That was about 12 years ago, and I’ve been studying with him since then. One thing about Nishijima is that he’s never asked me for money or donations. As far as I could see he paid for his Buddhist activities out of his own pocket. When he held 3-day retreats for his English students, he used to pay a lot of his own money each time to help cover the cost. His idea was to work a regular job and pay for his Buddhist activity himself. His first job was in the Japanese government. Later on he worked in a securities firm, and after that he worked as an advisor for a cosmetics company. He kept working there until he was 85.
Like I said, when I first heard Nishijima talk about “prajna” I doubted what he was saying. But I did wonder why an elderly Japanese man like Nishijima (he was 76 when I met him) would bother saying something like that if it wasn’t true. That’s one reason I kept going to his talks. I couldn't see any reason why he'd want to lie. Of course Nishijima isn't the only Buddhist teacher who talks about prajna. The Heart Sutra is based on it, and a lot of other Buddhist teachers will tell you about prajna too. Master Dogen wrote about prajna as well. In Shobogenzo, there’s a chapter called “Kokyo”in which he talks about “the eternal mirror”. It's not an easy chapter to understand, but the introduction to it from the Nishijima/Cross translation gives an idea what it's about:
The Eternal Mirror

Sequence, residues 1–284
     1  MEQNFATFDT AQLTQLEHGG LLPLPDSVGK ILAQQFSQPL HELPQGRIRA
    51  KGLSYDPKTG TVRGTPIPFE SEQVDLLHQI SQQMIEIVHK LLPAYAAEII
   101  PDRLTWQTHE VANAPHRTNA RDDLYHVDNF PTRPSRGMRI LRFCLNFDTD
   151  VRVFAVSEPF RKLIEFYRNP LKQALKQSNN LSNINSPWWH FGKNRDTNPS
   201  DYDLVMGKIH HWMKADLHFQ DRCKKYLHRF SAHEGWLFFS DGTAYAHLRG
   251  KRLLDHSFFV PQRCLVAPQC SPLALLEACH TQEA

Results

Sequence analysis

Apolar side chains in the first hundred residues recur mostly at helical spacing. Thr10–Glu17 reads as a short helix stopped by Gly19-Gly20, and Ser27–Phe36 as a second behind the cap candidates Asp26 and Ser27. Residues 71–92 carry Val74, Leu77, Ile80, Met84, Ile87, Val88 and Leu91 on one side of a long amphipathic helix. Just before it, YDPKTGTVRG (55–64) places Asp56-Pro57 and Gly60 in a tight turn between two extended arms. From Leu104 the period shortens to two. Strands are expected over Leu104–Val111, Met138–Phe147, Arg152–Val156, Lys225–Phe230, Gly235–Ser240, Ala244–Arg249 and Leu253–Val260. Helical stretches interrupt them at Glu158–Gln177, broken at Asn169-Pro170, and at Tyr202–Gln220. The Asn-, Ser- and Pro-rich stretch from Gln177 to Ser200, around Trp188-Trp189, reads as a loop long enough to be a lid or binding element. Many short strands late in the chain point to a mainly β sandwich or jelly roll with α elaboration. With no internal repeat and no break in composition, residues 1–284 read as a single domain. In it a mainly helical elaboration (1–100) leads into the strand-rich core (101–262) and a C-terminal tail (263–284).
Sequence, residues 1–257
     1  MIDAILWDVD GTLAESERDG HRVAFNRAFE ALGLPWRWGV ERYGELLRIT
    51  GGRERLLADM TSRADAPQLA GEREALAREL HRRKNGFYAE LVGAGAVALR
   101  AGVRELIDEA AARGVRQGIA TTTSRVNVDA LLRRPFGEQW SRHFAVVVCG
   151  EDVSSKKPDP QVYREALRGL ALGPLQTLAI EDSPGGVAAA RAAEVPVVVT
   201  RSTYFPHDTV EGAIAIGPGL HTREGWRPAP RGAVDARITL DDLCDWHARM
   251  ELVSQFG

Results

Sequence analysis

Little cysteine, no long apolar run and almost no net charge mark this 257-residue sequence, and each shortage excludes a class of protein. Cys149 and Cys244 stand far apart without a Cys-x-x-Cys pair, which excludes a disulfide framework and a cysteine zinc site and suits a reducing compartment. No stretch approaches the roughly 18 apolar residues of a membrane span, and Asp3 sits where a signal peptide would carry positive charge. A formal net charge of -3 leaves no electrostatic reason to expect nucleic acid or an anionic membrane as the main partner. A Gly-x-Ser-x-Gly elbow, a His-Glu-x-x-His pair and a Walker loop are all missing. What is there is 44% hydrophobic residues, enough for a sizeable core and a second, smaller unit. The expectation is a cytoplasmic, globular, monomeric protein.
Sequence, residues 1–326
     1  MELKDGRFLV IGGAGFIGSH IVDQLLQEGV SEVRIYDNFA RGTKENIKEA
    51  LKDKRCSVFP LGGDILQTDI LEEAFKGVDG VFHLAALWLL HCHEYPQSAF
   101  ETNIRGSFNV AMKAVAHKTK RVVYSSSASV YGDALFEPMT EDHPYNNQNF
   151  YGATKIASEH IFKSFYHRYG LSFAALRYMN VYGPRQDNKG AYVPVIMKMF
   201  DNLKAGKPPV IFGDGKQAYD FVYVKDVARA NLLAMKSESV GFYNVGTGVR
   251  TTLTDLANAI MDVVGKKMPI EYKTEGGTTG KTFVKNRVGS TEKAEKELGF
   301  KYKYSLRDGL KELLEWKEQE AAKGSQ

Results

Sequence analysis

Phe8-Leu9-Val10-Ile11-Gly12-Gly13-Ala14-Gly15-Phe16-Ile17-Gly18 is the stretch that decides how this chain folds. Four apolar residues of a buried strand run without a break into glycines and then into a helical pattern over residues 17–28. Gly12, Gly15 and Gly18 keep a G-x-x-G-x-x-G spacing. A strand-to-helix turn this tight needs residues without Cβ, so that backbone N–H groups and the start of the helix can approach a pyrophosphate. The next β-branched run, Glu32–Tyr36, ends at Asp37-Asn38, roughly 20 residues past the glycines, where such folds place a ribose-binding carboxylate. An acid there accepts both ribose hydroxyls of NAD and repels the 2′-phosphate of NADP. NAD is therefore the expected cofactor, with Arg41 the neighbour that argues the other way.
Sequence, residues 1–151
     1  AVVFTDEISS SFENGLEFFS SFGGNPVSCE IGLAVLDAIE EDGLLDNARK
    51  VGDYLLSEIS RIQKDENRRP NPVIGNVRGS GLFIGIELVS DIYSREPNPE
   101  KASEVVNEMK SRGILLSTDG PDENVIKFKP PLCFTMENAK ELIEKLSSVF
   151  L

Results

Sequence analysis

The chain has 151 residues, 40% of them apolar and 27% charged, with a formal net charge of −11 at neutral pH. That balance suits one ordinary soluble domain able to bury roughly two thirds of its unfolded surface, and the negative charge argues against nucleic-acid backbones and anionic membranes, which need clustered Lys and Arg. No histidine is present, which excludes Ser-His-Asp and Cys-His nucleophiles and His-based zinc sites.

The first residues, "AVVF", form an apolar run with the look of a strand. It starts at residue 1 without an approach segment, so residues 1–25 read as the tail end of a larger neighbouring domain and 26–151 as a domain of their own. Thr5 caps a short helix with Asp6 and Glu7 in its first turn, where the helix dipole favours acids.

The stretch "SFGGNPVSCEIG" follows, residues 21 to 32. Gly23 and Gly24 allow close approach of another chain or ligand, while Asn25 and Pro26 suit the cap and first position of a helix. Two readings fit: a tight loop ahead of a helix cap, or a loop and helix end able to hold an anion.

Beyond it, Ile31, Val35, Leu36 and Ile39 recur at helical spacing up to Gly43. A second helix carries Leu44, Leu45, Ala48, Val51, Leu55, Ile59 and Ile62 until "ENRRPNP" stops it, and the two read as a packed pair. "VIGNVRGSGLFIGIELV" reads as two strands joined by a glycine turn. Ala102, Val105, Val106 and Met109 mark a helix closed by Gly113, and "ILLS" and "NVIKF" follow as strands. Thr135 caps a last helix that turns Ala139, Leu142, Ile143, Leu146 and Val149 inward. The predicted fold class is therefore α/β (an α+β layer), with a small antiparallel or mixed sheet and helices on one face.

Ko means "ancient" or "eternal" and kyo means "mirror," so kokyo means "the eternal mirror." And what "the eternal mirror" means is the question. In this chapter Master Dogen quoted Master Seppo Gison's words "When a foreigner comes in front of the mirror, the mirror reflects the foreigner." From these words we can understand the eternal mirror as a symbol of some human mental faculty. The eternal mirror suggests the importance of reflection, so we can suppose that the eternal mirror is a symbol of the intuitional faculty. In Buddhist philosophy, the intuition is called prajna, or real wisdom. Real wisdom in Buddhism means our human intuitional faculty on which all our decisions are based. Buddhism esteems this real wisdom more than reason or sense-perception. Our real wisdom is the basis for our decisions, and our decisions decide our life, so we can say that our real wisdom decides the course of our life. For this reason, it is very natural for Master Dogen to explain the eternal mirror. At the same time, we must find another meaning of the eternal mirror, because Master Dogen also quoted other words of Master Seppo Gison, "Every monkey has the eternal mirror on its back." Therefore we can think that the eternal mirror means not only human real wisdom, but also some intuitional faculty of animals. So we must widen the meaning of the eternal mirror, and understand it as a symbol of the intuitional faculty which both human beings and animals have. Furthermore Master Seppo Gison said, "When the world is ten feet wide, the eternal mirror is ten feet wide. When the world is one foot wide, the eternal mirror is one foot wide." These words suggest the eternal mirror is the world itself. So we can say that the eternal mirror is not only a symbol of an individual faculty but is also something universal. From ancient times Buddhists have discussed the eternal mirror. In this chapter Master Dogen explains the meaning of the eternal mirror in Buddhism, quoting the words of ancient Buddhist masters.